• Energy consumption increases. The lightweight balls are pinned to the mill shell and carried to a point before leaving the shell on its trajectory, adding more load to the motor.


  • Steel consumption is increased. This generates iron ions detrimental to flotation, which in turn depresses sulphide minerals, and increases sodium cyanide consumption.



Ball scat is fragments of grinding balls that result from using porous grinding balls. 30t of scats were removed from a total charge load of 70t. Surveying and modeling the mill revealed that the breakage rates had increased dramatically at the coarser end of the size distribution. An increase of over 10% in mill throughput was achieved by removing the ball scats from a single-stage SAG mill. This work highlights the importance of maintaining a competent ball charge in a mill.

Ref: “Starting Effect of Ball Scats Removal on SAG Mill Performance” 


How to Select the Best Supplier for Grinding Media


If you want to get the best grinding ball for your money, determine value by examining ball performance and price per unit, as well as the following factors: 

  1. Quality. Grinding media steel balls should offer consistent and superior wear rate performance compared to alternative products. Don't assume that a low price is a good deal, however. Some suppliers offer reduced prices by supplying poor quality grinding media. This can increase production costs through downtime or faster wear of cyclones and piping.


  1. Supply Assurance. Since grinding media is a key consumable, mines need flexible and timely product delivery. Significantly longer supply chains may increase the risk of substantial delays. Many suppliers are able to offer VMI services that eliminate long delivery times. VMI also increases unit costs, however. With careful planning, end users can import grinding media directly from overseas sources.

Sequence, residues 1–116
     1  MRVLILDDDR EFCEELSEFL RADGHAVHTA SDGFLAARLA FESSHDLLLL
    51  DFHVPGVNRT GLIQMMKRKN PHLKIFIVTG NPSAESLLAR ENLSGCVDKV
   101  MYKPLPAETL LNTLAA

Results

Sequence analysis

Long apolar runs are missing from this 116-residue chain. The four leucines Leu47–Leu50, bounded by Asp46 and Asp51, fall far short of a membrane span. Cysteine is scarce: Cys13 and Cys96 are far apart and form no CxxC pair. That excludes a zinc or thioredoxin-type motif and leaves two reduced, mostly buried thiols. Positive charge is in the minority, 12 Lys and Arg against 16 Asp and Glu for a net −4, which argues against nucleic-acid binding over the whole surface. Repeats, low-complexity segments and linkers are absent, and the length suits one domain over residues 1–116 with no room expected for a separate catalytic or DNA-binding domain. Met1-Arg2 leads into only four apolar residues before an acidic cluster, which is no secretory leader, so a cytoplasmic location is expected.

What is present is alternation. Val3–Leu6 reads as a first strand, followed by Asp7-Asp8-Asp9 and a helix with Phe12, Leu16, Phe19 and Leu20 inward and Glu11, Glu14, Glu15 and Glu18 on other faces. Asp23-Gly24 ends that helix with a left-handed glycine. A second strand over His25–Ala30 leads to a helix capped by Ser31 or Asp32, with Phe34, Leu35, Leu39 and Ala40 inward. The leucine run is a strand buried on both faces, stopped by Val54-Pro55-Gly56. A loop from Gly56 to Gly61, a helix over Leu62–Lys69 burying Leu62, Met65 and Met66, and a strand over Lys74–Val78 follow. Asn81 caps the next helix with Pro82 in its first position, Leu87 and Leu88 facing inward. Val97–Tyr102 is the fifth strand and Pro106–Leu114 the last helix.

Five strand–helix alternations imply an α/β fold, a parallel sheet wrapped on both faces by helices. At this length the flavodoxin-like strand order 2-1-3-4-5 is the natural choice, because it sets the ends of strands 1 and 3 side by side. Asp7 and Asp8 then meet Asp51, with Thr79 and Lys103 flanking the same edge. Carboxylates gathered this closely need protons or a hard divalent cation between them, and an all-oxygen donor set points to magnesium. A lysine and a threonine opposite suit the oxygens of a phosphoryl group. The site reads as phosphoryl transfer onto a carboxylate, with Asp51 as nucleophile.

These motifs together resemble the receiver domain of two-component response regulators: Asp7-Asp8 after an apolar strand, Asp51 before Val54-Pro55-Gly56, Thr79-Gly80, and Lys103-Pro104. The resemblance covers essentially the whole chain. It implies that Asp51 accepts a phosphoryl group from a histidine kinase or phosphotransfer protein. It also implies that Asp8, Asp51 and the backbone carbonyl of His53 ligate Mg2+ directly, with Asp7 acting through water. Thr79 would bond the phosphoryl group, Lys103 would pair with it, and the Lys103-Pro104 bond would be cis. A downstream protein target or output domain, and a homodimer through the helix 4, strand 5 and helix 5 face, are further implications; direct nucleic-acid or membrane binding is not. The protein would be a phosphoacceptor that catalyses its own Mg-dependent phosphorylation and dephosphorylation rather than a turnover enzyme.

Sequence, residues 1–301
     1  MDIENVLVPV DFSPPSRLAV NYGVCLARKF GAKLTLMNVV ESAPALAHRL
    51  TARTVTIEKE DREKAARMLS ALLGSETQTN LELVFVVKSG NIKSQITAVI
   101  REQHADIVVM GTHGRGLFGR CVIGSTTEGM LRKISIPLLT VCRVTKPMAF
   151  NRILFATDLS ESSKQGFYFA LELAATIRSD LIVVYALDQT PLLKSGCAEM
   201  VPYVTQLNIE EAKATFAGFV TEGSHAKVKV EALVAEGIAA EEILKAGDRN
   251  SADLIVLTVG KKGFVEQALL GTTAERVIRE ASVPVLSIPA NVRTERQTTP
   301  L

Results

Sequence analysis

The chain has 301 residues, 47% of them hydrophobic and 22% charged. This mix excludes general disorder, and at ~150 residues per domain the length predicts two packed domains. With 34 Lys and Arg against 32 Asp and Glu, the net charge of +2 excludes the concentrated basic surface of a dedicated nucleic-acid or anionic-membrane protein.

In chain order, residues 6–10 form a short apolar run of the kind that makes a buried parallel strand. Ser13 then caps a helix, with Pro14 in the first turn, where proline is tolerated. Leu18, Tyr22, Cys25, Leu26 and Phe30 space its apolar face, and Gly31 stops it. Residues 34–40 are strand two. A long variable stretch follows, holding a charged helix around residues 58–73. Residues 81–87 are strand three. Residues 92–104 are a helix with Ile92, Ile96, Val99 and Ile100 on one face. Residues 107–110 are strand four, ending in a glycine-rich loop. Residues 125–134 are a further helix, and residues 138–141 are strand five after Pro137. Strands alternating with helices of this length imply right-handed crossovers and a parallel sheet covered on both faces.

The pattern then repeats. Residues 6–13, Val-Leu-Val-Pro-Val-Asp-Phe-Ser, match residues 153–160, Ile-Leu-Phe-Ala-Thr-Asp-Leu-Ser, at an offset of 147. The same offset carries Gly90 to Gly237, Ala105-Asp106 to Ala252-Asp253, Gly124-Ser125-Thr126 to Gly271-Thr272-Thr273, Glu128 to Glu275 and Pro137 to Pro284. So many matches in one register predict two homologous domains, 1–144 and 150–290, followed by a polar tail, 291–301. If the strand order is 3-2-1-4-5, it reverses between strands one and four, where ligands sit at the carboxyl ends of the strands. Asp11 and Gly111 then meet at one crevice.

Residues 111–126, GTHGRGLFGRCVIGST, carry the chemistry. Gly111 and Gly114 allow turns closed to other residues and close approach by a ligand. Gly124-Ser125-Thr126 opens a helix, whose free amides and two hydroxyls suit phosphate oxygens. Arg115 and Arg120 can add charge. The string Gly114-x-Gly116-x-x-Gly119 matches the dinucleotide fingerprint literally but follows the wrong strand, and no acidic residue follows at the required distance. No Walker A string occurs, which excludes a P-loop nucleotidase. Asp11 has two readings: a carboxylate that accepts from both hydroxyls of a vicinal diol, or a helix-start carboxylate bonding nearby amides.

1. Technical support. Most mines require technical support –these may include ball mill inspections, grinding media consumption monitoring, etc. This service is normally provided for free, as a value added service.  


Delivery of Grinding Balls and Other Grinding Media

Grinding balls and other grinding media are generally delivered in one of two packaging types:

  • In steel drums with content of approx. 900kg net on wooden pallets.

  • In UV resistant PP bulk bags with the content of approx. 1,000kg net.



Grinding media is not a commodity. It represents a large portion of your total grinding cost and has a significant impact on your OPEX. Select your grinding balls with improved grinding performance and efficiency in mind, but also look for the lowest sustainable cost and maximize mill availability. A full chemical analysis, hardness profile and microstructure analysis can help you choose cost-effective grinding media balls. Implement a good quality control program to ensure consistency in the supply chain, as well.

Kemcore assists mining executives in cutting costs without cutting corners. We offer mining companies a full range of grinding media from top producers in China. Contact us now to find out how we can help you increase your profitability.  Click here to learn more about our range of grinding balls and other grinding media.